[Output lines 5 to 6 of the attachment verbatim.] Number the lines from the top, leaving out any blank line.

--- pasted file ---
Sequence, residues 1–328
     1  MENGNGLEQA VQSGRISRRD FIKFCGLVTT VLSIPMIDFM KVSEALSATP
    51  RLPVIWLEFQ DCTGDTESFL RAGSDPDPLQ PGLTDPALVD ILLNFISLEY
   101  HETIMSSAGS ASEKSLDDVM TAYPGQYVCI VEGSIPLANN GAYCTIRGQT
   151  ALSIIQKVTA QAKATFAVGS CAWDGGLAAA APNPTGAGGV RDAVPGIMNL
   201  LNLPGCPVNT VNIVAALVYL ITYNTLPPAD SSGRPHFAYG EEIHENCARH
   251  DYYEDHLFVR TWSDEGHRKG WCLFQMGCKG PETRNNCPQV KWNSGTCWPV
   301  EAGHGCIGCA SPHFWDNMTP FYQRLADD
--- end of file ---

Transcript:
   151  ALSIIQKVTA QAKATFAVGS CAWDGGLAAA APNPTGAGGV RDAVPGIMNL
   201  LNLPGCPVNT VNIVAALVYL ITYNTLPPAD SSGRPHFAYG EEIHENCARH